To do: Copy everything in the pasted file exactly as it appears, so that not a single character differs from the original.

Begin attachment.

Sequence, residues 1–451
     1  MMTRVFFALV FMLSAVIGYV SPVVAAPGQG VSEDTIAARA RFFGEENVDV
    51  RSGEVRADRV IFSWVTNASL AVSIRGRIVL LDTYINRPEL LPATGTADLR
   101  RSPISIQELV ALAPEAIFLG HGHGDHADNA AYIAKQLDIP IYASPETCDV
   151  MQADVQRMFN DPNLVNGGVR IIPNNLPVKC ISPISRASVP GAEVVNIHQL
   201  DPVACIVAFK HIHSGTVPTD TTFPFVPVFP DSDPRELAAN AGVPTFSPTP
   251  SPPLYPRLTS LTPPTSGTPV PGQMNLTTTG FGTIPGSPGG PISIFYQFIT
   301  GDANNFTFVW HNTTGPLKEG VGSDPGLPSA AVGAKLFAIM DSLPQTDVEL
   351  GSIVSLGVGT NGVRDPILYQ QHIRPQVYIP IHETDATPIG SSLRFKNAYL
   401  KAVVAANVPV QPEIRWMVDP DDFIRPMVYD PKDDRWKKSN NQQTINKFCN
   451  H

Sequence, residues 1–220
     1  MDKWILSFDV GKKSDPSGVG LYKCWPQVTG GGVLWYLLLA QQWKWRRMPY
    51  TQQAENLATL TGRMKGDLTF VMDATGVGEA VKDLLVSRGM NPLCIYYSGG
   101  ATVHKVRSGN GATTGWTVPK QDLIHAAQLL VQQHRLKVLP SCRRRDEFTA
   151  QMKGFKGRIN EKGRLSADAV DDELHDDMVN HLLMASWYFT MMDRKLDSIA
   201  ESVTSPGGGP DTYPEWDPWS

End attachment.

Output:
Sequence, residues 1–451
     1  MMTRVFFALV FMLSAVIGYV SPVVAAPGQG VSEDTIAARA RFFGEENVDV
    51  RSGEVRADRV IFSWVTNASL AVSIRGRIVL LDTYINRPEL LPATGTADLR
   101  RSPISIQELV ALAPEAIFLG HGHGDHADNA AYIAKQLDIP IYASPETCDV
   151  MQADVQRMFN DPNLVNGGVR IIPNNLPVKC ISPISRASVP GAEVVNIHQL
   201  DPVACIVAFK HIHSGTVPTD TTFPFVPVFP DSDPRELAAN AGVPTFSPTP
   251  SPPLYPRLTS LTPPTSGTPV PGQMNLTTTG FGTIPGSPGG PISIFYQFIT
   301  GDANNFTFVW HNTTGPLKEG VGSDPGLPSA AVGAKLFAIM DSLPQTDVEL
   351  GSIVSLGVGT NGVRDPILYQ QHIRPQVYIP IHETDATPIG SSLRFKNAYL
   401  KAVVAANVPV QPEIRWMVDP DDFIRPMVYD PKDDRWKKSN NQQTINKFCN
   451  H

Sequence, residues 1–220
     1  MDKWILSFDV GKKSDPSGVG LYKCWPQVTG GGVLWYLLLA QQWKWRRMPY
    51  TQQAENLATL TGRMKGDLTF VMDATGVGEA VKDLLVSRGM NPLCIYYSGG
   101  ATVHKVRSGN GATTGWTVPK QDLIHAAQLL VQQHRLKVLP SCRRRDEFTA
   151  QMKGFKGRIN EKGRLSADAV DDELHDDMVN HLLMASWYFT MMDRKLDSIA
   201  ESVTSPGGGP DTYPEWDPWS